.NET News Desk
Intel Clearly the Comeback Kid
Otherwise, under the present economic circumstances, Intel did pretty darn good
Jul. 14, 2009 07:00 PM
The record-setting $1.45 billion antitrust fine that the European Commission slapped Intel with in May for AMD abuse soured the company's Q2 results causing it to post an extraordinary loss of $398 million, or seven cents a share.
Otherwise, under the present economic circumstances, Intel did pretty darn good.
Revenues totaled $8 billion, up 12% sequentially and better than analysts expected. If the regulators hadn't stuck their hand in its pocket it would have earned a billion dollars, 18 cents a share, more than double what the pundits thought.
In a canned statement, CEO Paul Otellini, who alone called a bottom in April, was quoted as saying, "Intel's second-quarter results reflect improving conditions in the PC market segment with our strongest first- to second-quarter growth since 1988 and a clear expectation for a seasonally stronger second half."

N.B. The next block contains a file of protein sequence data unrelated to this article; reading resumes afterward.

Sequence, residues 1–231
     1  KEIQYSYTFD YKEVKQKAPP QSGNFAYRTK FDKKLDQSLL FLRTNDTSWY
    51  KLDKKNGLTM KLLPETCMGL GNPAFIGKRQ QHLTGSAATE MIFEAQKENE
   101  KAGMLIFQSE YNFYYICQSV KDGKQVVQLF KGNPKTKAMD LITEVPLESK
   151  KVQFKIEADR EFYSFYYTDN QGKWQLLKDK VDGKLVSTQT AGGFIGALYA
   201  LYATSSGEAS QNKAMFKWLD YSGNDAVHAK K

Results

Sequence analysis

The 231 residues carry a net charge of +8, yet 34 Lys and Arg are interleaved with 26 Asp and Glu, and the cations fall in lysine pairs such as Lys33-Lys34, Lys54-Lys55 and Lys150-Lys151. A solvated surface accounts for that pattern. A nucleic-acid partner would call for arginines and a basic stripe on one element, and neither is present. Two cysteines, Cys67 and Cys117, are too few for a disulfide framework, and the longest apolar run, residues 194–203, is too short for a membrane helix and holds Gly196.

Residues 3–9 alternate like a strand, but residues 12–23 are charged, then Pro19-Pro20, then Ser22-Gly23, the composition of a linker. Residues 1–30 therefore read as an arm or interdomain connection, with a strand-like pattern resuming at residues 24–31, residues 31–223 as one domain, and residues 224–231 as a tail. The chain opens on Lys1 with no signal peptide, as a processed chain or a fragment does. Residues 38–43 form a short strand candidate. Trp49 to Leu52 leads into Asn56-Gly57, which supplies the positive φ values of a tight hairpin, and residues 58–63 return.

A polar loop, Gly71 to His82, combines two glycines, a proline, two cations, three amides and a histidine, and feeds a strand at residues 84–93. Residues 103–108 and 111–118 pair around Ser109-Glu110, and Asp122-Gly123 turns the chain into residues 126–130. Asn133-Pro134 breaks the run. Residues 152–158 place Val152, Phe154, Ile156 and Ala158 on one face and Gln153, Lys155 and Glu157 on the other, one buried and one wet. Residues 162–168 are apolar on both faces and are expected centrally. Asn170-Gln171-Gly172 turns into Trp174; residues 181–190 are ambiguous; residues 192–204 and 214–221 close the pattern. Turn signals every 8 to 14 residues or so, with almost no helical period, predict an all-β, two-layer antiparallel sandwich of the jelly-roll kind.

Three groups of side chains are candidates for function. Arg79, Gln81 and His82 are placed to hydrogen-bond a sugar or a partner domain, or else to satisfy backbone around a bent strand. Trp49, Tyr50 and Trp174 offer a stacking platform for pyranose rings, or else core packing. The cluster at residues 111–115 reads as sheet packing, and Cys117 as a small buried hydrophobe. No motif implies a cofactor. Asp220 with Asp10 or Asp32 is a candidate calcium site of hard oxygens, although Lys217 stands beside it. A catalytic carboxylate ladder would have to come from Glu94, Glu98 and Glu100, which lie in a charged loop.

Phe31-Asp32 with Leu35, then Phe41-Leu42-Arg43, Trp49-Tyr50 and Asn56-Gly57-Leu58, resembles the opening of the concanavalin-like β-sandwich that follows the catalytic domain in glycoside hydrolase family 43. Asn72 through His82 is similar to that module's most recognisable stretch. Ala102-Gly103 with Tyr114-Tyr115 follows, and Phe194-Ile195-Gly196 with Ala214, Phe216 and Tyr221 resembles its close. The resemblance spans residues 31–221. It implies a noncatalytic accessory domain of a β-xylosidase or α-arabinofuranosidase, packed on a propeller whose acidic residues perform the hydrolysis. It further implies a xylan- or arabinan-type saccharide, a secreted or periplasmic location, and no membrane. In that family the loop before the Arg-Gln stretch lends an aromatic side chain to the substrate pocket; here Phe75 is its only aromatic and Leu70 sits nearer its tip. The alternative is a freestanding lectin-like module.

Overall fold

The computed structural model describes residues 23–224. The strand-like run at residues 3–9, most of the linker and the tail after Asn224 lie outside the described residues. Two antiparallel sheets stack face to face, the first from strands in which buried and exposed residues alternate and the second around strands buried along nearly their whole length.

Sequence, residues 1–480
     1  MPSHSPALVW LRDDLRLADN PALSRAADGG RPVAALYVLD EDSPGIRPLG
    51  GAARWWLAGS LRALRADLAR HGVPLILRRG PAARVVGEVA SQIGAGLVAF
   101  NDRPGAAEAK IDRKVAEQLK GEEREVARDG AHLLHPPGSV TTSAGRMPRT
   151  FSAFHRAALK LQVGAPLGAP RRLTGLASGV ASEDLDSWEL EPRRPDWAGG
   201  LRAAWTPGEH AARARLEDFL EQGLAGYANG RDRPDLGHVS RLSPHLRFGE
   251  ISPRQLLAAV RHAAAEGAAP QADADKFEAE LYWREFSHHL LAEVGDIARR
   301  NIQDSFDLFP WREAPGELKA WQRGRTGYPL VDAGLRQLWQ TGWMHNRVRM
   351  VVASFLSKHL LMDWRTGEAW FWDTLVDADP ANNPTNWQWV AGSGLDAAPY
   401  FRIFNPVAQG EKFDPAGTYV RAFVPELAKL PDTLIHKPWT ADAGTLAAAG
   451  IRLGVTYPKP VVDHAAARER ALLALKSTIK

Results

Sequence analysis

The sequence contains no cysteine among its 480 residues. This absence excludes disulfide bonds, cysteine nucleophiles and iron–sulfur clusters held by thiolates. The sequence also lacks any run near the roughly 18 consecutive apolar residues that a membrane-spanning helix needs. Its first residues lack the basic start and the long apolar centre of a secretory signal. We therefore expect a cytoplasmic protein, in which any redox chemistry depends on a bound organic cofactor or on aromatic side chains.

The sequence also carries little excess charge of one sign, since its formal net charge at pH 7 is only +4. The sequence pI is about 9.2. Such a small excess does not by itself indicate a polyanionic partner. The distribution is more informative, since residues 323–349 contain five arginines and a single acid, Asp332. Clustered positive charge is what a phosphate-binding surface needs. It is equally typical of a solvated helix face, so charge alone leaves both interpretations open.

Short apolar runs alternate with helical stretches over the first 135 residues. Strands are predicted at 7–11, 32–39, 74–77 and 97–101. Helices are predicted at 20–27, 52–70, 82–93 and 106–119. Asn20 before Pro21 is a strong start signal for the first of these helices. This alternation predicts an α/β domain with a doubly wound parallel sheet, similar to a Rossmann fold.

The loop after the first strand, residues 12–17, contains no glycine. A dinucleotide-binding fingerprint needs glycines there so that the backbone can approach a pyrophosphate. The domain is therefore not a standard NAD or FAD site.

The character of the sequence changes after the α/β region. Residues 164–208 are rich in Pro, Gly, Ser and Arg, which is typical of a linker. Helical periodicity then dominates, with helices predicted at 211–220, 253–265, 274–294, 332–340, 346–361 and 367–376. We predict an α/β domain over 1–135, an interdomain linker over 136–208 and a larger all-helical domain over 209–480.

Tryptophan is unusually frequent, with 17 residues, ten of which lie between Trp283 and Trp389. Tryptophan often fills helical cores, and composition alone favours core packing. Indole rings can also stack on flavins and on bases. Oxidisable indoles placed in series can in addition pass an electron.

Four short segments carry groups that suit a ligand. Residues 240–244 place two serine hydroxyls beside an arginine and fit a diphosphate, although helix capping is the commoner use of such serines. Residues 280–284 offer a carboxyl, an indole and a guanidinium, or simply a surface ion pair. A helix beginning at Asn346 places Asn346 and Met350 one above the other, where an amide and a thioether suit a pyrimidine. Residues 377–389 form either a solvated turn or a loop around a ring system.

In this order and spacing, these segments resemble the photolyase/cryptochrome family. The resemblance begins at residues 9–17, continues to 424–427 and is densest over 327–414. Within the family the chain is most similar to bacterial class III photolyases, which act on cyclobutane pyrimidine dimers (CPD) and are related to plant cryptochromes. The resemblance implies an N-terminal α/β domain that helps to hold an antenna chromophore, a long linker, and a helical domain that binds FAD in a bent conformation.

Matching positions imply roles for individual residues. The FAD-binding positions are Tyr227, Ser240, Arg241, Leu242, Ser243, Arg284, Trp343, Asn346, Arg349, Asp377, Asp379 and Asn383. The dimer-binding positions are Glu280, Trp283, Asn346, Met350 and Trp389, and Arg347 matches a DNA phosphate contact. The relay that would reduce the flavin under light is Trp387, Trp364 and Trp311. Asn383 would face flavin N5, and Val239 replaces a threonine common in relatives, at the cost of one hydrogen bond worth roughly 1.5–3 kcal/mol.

Ahead of the conference call, the company said its closely watched gross margin was 50.8%, up 5.5 points sequentially and higher than it had anticipated.
Microprocessor shipments were up sequentially although ASPs were depressed except on its Atom chip.
Revenue from Atom and its chipsets came to $362 million, up 65% compared to Q1, a factor that's both good and bad. Cheap netbooks, one of the few bight spot in the dour environment, are believed to be cannibalizing pricier laptops.
Intel's inventories were cut by $240 million.
The company anticipates reporting revenues of $8.5 billion this quarter plus or minus $400 million and realizing a gross margin of 53%, which could swing two points either way.
Compared to last year Q2 revenues were off $1.4 billion but up $879 million from Q1. Intel's Q2 operating income of $1.4 billion was $820 million less than last year but $788 million better than Q1. Last year Intel earned 28 cents a share in the second quarter.
Intel is appealing the fine but probably stands a snowball's chance in hell of getting it overturned. AMD, the reason for the fine, will report next week.
Intel is the first major tech company out with earnings and its numbers set a positive tone. Its stock was up almost 7% in after-hours trading.